El Niño 2014 Is Set To Be A Monster, But What Exactly Is It?

AZUSA, CA - FEBRUARY 28: The rain-muddied east fork of the San Gabriel River rushes toward San Gabriel Reservoir in the Angeles National Forest as a storm brings rain in the midst of record drought on February 28, 2014 near Azusa, California. The rain offers some relief to the dry conditions but is not expected to be enough to break the historic drought. A drought-related unseasonal wildfire, the Colby Fire, was accidentally ignited in the dry chaparral vegetation in January, destroying homes and sending thousands fleeing. The charred and denuded hillsides are threatening the homes of about a thousand evacuated residents with rain-loosened mud-ash debris flows. (Photo by David McNew/Getty Images)
Source: David McNew/Getty Images News/Getty Images

Though it may mean "little boy," climate scientists are warning that this year's El Niño will have nothing little about it. Due to the abnormally warm subsurface ocean conditions currently occurring in the "Nino 3.4" region, an area of the tropical Pacific Ocean south of Hawaii, forecasters are predicting that the an El Niño in 2014 will cause some serious extreme weather headaches. But what exactly is an El Niño? 

Well, the phenomenon was first noted by fishermen exploring the waters of Ecuador and Peru. They found that a warm ocean current always appeared around Christmas, and continued to disrupt the abundance of fish for several months. Since the its discovery, scientists have studied this warm current and its effects on weather patterns, which are often as bizarre as they are severe. Though they do not occur every year, when they do appear, we should sit up and pay attention.

This year, the major worry lies in the fact that there seems to be a lot of increasingly warm water loitering around the surface of the Pacific Ocean. The Australian Government's Bureau of Meteorology shows steadily warming water temperatures in the past three months, with projects for April propelling these high temperatures upwards (closer to the surface) and eastwards. An April 4 map of ocean temperatures further corroborates the story of warm water emerging on the ocean's surface. 

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As these oceanic temperatures continue to rise, global temperatures will follow suit, which may lead to 2014 being named the hottest year on record. El Niño, together with its equal-but-opposite cycle La Nina, form the "biggest source of year-to-year climate variability." In fact, four of the five warmest years reported were years that saw an El Niño. 

Now that the tropical Pacific Ocean is warming and continues to warm, NOAA’s Climate Prediction Center and Columbia University’s International Research Institute for Climate and Society are suggesting that these temperatures will create enough energy to warm the rest of the world as well. 

Scientists certainly have cause to worry, as this year's El Niño conditions may be comparable to those recorded in 1997 - 1998, which to date, is the biggest known El Niño. The damages attributed to those storms and weather anomalies caused an estimated $35 billion in damage and 23,000 deaths across the globe. The last El Niño event was in 2010, and given that these ocean temperature patterns recur every two to seven years, 2014 might have the makings of the perfect storm. AccuWeather Long Range Forecaster Mark Paquette went so far as to say,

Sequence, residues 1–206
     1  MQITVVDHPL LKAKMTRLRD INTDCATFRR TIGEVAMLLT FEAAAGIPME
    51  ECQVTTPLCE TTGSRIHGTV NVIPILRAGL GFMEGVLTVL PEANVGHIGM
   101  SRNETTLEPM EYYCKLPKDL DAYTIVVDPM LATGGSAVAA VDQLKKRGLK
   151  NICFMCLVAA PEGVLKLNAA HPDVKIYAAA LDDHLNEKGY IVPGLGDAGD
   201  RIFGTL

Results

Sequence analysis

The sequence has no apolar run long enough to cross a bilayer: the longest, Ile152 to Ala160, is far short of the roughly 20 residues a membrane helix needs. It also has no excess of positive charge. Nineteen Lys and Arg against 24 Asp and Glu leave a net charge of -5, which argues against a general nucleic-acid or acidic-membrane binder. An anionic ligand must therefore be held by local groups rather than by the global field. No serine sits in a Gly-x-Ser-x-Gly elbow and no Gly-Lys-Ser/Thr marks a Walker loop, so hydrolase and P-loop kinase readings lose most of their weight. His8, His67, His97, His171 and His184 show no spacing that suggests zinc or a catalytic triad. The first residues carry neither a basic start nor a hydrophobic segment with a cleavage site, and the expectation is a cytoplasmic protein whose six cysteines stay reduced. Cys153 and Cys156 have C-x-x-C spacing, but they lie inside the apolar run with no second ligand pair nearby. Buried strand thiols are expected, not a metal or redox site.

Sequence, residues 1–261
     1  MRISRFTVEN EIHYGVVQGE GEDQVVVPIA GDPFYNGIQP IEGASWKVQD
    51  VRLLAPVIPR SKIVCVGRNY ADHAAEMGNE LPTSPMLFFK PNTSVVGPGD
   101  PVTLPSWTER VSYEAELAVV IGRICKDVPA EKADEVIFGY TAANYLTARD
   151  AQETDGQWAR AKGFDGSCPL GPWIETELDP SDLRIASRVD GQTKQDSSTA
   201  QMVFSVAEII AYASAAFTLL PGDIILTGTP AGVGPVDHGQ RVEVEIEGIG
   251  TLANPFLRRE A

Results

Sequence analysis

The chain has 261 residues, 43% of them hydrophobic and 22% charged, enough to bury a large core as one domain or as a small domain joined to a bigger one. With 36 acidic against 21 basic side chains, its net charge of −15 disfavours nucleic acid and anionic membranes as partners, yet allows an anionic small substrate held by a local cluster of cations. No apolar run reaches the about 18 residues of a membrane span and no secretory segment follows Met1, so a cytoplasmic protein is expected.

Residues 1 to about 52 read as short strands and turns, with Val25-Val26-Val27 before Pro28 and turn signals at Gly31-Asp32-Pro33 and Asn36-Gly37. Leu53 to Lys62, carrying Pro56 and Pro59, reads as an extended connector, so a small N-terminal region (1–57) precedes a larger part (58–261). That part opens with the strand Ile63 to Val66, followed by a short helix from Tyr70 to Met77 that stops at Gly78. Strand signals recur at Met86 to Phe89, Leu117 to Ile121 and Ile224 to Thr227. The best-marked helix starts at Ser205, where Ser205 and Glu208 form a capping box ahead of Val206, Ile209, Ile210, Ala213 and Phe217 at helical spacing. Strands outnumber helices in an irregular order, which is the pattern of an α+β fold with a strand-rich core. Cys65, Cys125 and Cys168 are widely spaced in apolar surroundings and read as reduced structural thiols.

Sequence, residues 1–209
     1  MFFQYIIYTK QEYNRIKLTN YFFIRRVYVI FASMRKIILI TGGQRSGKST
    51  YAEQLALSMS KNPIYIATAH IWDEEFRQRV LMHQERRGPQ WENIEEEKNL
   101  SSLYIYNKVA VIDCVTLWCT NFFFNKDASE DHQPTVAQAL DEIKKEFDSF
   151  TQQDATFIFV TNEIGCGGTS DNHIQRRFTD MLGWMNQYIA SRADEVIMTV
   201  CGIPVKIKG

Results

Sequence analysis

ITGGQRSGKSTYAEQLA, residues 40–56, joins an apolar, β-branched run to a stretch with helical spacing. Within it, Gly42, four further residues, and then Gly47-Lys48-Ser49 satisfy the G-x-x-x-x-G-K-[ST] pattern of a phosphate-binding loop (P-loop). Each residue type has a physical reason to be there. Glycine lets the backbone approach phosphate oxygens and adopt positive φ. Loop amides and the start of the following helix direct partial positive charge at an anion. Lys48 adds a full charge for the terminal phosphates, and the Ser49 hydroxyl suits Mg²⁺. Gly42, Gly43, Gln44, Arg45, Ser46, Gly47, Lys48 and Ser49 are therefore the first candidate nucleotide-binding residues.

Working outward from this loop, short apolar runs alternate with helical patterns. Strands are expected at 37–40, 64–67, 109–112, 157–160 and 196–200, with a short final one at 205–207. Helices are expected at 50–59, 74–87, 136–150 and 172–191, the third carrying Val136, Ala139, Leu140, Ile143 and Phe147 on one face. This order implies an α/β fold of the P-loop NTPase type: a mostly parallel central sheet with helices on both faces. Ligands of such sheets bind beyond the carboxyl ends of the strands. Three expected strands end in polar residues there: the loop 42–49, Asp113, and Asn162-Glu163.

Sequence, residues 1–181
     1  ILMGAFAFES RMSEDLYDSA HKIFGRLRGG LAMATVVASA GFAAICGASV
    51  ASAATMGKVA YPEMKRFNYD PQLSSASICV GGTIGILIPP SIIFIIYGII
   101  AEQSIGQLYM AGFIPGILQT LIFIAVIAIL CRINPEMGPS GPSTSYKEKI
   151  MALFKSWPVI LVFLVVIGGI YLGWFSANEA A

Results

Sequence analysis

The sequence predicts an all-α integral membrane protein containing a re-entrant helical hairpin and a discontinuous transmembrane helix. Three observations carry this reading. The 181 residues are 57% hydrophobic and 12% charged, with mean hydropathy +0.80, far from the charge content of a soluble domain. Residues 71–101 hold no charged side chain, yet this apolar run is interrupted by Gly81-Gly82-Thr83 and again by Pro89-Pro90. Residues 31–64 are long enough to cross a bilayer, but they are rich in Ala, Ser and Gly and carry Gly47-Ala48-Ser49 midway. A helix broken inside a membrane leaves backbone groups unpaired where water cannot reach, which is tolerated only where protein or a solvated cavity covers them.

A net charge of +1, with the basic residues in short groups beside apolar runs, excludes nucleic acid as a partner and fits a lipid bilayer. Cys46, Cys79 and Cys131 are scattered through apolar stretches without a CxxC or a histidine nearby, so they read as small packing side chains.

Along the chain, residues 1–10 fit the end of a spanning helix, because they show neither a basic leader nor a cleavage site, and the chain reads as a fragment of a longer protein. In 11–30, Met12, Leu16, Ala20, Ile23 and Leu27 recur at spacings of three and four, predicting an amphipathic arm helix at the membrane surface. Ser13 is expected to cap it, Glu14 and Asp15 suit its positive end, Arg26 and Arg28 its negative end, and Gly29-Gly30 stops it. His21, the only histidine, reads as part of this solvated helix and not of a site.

We are confident that an El Niño is in the early stages of developing and may reach moderate strength moving forward into mid- to late summer of 2014.

Though some global warming skeptics erroneously claimed that climate change had "stopped" after the last major El Niño in 1998 — it's unclear why anyone thought this was true, considering that the ten hottest years on record have all occurred since 1998 — the scientific community has often posited that the Pacific Ocean has been storing much of the energy associated with increasing temperatures underneath the surface of the ocean

This would explain why temperatures have been increasing at a slower rate than they were at the beginning of the 20th century, after the Industrial Revolution sent worldwide thermometers on an unprecedented spike. 

If true, this could bode very poorly for this year's El Niño, which could see the reemergence of all these warm temperatures in one sharp burst, not only reinstating the rapid rise of global temperatures, but also drastically affecting other weather conditions. 

These effects include a lengthening drought in Indonesia, more bush fires in Australia, fishing shortages in Peru, and a truncated monsoon season in India. This could also lead to indirect effects, like the decline in sales of insecticides in India, in anticipation of a poor crop season. In fact, the Indian government is accusing the United States' scientific community for "spreading rumors" about the severity of this year's El Niño. Many of these issues could lead to food shortages, exacerbating an already serious problem.   

While Californians may, on the other hand, rejoice at the potential downpour of rain El Niño could bring, a celebration might be premature, as often extreme conditions could lead to massive flooding or mudslides. Though El Niño itself may be predicted, its effects remain in flux, and it seems that we have something to fear.

 

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